Now that we just re-read the fairytales, what did we discover? A fairytale is not a tale of escape, it is not a tale of achievement and ambition; it is a story of finding love. Perhaps finding escape and redemption through love, too, but chiefly finding love itself. The actions of the heroes in the above-mentioned tales, or indeed, any other fairytale, are all guided by the quest for love. The thing to be noted is that the women they loved were not for beauty alone—they loved them for their kindness, intelligence, wit and charm. Perhaps, like Prince Charming, they cast aside social conventions and royal concerns, or like the Beast, they let go of their aggression and ego and open up for the healing touch of love. Like King Edward who gave up his throne— it’s love, love, love alone.

So to come back to my question—why don’t you ridicule, downgrade or put down men for casting the world aside in the pursuit of love? Why is a man not labelled as ‘disempowered’ when everything he does is for the sake of a woman? Do you ever hear men say ‘we don’t need a woman’? (Quite the contrary, of course.)

The reason a man never has to say this is because men seldom need to choose between ambition and love. Barring King Edward of course, who heroically tossed it all away—but is still considered a hero, not a disempowered sissy. (And that pretty much displays the inherent sexism in disparaging women when they give it up for love.)

For women, though, choosing love very often means an end to whatever other dreams they had. As Gloria Steinem and her ilk so succinctly put it in their slogans: ‘Sink into his arms and you may end up with your arms in his sink’. Because marriage would be, well, a dead end. Because women went into love expecting a fairytale, and then found that real life never lived up to it.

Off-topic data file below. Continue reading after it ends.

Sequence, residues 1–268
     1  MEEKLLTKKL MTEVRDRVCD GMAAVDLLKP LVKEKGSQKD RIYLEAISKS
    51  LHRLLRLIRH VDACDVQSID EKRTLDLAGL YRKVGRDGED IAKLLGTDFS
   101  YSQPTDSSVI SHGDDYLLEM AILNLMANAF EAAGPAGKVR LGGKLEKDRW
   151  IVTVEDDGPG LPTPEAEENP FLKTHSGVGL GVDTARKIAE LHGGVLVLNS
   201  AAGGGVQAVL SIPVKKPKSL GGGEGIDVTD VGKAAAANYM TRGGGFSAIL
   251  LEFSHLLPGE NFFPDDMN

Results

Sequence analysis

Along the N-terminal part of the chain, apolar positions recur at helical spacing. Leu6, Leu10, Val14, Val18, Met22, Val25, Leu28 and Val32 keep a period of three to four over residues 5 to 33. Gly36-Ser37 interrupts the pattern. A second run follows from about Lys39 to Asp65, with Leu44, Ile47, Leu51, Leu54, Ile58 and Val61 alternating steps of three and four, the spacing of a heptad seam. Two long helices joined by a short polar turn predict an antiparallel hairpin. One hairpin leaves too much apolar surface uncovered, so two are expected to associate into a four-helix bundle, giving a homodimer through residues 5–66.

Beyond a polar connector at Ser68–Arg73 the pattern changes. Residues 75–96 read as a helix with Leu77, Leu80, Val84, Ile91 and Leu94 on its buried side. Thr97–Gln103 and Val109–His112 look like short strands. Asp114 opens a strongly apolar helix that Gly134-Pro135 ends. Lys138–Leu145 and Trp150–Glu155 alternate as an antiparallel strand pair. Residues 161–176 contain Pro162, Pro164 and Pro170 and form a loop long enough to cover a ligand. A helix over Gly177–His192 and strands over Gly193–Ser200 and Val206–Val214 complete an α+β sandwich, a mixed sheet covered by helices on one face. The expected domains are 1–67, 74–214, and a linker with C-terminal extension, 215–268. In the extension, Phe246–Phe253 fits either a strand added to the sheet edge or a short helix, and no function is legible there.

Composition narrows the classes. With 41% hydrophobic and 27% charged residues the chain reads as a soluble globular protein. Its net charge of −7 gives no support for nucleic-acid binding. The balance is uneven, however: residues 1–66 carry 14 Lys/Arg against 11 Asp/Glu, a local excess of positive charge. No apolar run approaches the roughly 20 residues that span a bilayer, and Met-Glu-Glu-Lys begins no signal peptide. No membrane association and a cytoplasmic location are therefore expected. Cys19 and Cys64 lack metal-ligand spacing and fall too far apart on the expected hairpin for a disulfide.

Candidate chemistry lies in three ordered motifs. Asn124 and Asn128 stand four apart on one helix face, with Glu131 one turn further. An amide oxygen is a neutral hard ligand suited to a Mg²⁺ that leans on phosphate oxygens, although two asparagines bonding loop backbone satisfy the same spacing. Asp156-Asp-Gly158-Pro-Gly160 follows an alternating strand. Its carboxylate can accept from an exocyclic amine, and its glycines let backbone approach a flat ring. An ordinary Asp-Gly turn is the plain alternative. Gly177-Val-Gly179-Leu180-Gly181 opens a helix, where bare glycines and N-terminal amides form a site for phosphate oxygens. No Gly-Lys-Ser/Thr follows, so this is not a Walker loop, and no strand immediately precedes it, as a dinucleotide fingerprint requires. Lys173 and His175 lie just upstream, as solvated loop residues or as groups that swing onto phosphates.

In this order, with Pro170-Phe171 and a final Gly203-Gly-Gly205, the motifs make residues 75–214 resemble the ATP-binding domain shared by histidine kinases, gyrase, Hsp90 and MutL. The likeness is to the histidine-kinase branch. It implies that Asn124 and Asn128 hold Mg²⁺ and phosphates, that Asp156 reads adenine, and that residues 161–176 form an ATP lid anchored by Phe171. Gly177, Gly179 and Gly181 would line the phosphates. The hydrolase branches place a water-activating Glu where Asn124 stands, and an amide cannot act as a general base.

That was the reason why fairytales were so hated by the feminists: they wanted women to not sit around waiting to be rescued; they wanted women to stand up for themselves and rescue their own selves.  And that’s where it all started—the ‘we don’t need a man to be happy’ philosophy. Find your own happiness; be your own power, your own saviour.

Sisterhood of the liberated, I completely endorse your stand. But then there are different kinds of power, different types of powerful, and not all are the ones we’d want to be. Let’s just sit back and take note: fairytales are rife with powerful women— but they’re almost all evil. The Queen in Snow White, the Stepmother in Cinderella, the witch in Rapunzel. And that’s not sexism, sorry. Powerful men and women, in general, tend to choose the path of evil, simply because evil seems to pay higher—and faster. My point? Power is, in itself, a vile and terrible thing if not exercised for a noble cause. And in this regard, the heroines of fairy tales are far better ideals to aspire to, for they are kind and noble and brave.